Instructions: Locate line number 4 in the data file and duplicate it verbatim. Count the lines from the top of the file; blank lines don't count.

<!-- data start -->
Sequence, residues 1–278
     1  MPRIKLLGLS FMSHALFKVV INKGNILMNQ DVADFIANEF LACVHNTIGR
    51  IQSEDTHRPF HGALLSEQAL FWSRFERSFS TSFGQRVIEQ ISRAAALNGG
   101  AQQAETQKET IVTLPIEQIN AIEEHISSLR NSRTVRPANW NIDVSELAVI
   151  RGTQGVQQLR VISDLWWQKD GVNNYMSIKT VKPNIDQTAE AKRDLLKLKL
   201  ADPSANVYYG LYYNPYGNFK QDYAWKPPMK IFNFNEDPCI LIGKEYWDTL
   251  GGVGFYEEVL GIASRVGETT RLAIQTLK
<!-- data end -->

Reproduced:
   101  AQQAETQKET IVTLPIEQIN AIEEHISSLR NSRTVRPANW NIDVSELAVI